Stewardship of Life

Water, Water Everywhere…a Nickel Here, a Dime There

Posted in Just Living by Sharron R. Lucas on January 5, 2010

North Americans use too much water. This is fact. We have easy access to this precious natural resource, and as a result most of us don’t think about the amount of water we use. Do we feel entitled to more than our fair share of the world’s water? Or is it just that we are fortunate to live in a part of the world where we do not face the water crisis on a daily basis (or at least delude ourselves into thinking that it’s not our problem)? Consider these points:

The U.S. Geological Survey reports that “about 410,000 million gallons per day of water was withdrawn for use in the United States during 2005” (

The World Health Organization reports that contaminated water may be traced as the source of 80% of the world’s sickness and disease.

A report released by the World Water Council states that 1.1 billion people lack access to safe drinking water, and 2.6 billion people lack adequate sanitation. 1.8 million people die every year from diarrheal diseases, 90 percent of whom are children under the age of five. 3,900 children die every day because of dirty water or poor hygiene (


So how much water do we use? One source reports the following statistics:

In Japan and North America each person uses an average of 159 gallons of water per day. (Only ½ of 1% or .795 gallons of that is for drinking purposes.). In Europe the average water usage per person in a day ranges from 66.14 gallons to 92.59. In the sub-Sahara regions they average 2.65 gallons to 5.29 gallons and many have to walk up to 10 hours to find drinking water. Few affluent nations have implemented measures to conserve water (

One hundred fifty-nine gallons per day! That’s a lot of water, folks, especially when one considers that less than a gallon of that went to satisfy our thirst. Lest we smugly assume that our water supplies are safe, check some recent reports about exactly what is found in municipal water systems—everything from nitrates to Prozac to antibiotics.

I’ve been aware of this growing problem for awhile now and have worked to reduce my water consumption. My affiliation with The Compact has helped a lot with reducing water consumption, but while I’ve made some strides, there is much more that I can do—and so can you. That is why I chose to begin my ethical life audit with something that is necessary to sustain life itself—H2O.

Yesterday, every time I turned on the faucet, flushed the toilet, and used the shower, I put a nickel in a jar. I know, a nickel doesn’t sound like much, and it isn’t in the grand scheme of things, but I figured at least that would make me more aware of what I was doing. I ended up with 95 cents at the end of the day—nineteen incidences of water usage throughout the day. That’s not too bad, is it? After all, it was my day off, and I was home all day. Well, yes and no. What I discovered is that at least seven of those faucet flips, I really didn’t need to turn on the tap. I could have waited or done something differently.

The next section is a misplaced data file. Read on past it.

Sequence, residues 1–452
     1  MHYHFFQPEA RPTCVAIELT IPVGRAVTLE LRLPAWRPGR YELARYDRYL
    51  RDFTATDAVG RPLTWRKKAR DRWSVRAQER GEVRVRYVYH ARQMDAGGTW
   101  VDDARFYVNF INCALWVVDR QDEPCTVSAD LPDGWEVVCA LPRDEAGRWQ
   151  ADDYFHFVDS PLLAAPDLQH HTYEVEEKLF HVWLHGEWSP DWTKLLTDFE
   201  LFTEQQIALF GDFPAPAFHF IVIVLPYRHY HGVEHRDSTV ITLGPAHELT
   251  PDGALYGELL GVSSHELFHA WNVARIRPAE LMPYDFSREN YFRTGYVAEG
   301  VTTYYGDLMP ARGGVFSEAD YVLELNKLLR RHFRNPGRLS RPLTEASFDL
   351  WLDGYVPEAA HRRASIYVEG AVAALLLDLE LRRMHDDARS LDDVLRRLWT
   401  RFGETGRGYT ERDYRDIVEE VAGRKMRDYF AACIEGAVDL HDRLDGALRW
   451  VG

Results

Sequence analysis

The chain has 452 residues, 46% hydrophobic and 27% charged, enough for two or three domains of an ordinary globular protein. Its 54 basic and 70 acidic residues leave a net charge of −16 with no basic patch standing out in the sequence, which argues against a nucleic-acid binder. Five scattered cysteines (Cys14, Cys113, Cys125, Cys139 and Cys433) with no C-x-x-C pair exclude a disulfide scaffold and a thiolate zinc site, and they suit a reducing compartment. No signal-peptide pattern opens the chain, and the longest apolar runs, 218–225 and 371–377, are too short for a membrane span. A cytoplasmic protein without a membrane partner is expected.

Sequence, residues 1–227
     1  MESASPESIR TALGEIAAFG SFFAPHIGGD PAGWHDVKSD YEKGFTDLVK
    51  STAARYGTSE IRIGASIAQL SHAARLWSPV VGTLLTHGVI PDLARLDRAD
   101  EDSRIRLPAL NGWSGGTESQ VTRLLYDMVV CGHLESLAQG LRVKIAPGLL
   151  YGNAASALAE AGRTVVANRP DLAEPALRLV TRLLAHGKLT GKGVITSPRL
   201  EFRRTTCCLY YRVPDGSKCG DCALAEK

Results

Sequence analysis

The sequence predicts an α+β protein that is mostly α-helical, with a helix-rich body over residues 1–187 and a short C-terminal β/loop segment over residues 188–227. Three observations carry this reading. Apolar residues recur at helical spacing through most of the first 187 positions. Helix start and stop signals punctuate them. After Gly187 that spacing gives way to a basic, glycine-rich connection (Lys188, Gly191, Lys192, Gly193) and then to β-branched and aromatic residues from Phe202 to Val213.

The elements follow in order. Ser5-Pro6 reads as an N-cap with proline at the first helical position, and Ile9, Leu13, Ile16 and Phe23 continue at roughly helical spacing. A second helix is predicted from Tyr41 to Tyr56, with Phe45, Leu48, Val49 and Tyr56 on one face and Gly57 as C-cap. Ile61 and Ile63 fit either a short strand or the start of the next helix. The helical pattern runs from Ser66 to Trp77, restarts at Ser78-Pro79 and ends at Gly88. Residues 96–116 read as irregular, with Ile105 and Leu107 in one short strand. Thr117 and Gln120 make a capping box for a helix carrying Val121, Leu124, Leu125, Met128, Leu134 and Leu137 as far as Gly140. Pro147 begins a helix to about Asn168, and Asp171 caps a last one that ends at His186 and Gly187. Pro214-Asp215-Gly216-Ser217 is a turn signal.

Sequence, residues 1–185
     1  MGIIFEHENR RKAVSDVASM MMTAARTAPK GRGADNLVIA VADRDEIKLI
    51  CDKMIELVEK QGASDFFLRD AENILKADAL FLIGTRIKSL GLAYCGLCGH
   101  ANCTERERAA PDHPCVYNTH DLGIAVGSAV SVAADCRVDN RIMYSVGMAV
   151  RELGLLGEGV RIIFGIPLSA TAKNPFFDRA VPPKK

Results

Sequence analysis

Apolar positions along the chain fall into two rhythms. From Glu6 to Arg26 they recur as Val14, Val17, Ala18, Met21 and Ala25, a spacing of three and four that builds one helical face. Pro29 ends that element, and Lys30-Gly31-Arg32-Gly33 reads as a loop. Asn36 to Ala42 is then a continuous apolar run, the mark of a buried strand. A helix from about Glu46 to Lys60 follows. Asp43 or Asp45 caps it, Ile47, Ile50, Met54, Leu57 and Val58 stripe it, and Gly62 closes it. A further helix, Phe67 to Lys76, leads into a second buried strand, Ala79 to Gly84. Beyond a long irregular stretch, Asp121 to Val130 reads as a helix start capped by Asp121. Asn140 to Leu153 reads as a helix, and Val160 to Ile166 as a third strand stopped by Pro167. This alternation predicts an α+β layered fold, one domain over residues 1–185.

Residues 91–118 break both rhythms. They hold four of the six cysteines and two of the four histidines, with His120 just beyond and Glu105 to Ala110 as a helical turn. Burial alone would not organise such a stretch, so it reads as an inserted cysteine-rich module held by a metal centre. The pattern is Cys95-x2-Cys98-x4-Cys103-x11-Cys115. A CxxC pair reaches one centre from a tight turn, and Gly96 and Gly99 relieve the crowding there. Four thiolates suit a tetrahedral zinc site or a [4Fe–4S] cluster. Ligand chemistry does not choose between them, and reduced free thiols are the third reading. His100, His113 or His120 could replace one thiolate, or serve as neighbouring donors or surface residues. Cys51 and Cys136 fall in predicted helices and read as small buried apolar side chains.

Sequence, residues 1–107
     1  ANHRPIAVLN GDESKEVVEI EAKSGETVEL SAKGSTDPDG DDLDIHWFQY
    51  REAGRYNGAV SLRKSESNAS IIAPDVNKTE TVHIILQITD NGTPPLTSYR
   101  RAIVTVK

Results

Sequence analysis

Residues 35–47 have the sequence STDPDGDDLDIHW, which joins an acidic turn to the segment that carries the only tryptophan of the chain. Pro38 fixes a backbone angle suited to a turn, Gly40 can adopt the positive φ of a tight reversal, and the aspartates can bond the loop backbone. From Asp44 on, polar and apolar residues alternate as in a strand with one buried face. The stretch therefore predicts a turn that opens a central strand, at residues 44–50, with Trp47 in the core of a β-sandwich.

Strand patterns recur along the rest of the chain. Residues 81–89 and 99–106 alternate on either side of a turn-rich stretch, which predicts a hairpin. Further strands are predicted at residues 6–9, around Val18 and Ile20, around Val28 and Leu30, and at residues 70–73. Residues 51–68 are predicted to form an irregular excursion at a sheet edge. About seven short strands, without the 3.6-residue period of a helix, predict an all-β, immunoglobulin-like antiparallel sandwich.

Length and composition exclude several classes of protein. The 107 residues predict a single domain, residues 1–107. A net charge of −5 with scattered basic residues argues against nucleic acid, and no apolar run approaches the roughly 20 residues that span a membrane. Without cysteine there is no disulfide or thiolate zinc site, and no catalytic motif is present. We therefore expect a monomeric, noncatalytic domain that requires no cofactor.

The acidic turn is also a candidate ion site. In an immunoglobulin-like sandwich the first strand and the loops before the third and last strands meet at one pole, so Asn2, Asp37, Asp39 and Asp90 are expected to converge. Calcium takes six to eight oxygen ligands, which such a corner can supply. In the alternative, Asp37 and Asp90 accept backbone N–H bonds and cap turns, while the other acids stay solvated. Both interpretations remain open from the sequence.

I’m going to keep going with this personal “water tax.” Even if it only adds up to six or seven dollars a week or $300 – $400 a year, I think the awareness generated will be priceless. I plan to give my “tax” proceeds to support the Troesters, a family of ELCA missionaries in the Central African Republic. Dr. Joe Troester is a hydrologist working with PASE, a French organization, to address the water crisis in that country and to provide education about better hygiene. Pastor Deborah Troester, his spouse, teaches in the Theological School in Baboua. Their daughter Krista is a student. You can read more about their work in this very poorest of nations at

This is an improved latrine in the Central African Republic, image courtesy Dr. Joe Troester.

The parish I serve participated in The Advent Conspiracy this year, and we raised over $800 through special offerings specifically to address the water crisis in the Central African Republic through the Troesters’ work there. So that is why I’ll continue to support their work, but there are many worthy water projects you might consider, including Living Water International and Circle of Blue. The point is to do something, to make yourself aware of the problem, and to make this issue a stone in your shoe or a burr under your saddle.

How many times did you turn the faucet on today? I’m up to 20 cents and there’s a lot of morning left. Water, water everywhere…really?

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